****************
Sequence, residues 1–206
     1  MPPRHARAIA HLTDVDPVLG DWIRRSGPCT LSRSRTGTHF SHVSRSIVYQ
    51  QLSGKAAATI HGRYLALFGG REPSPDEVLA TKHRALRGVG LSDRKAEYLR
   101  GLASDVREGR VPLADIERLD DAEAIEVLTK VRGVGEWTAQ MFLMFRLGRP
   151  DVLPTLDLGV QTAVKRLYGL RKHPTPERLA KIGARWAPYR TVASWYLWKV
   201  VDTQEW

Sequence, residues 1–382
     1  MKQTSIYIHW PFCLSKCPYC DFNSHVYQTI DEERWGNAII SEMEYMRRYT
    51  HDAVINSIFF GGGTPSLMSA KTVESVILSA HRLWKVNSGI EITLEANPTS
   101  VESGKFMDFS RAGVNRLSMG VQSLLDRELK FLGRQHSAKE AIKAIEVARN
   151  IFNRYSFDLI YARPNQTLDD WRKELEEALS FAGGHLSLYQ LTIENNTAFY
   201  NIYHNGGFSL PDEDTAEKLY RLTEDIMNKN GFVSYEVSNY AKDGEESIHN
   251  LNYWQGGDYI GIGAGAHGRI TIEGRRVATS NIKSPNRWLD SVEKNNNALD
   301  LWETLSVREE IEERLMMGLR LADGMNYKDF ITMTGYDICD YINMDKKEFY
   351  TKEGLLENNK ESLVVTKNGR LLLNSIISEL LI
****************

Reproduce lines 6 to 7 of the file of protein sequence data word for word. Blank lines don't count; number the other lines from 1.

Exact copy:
   201  VDTQEW

Sequence, residues 1–382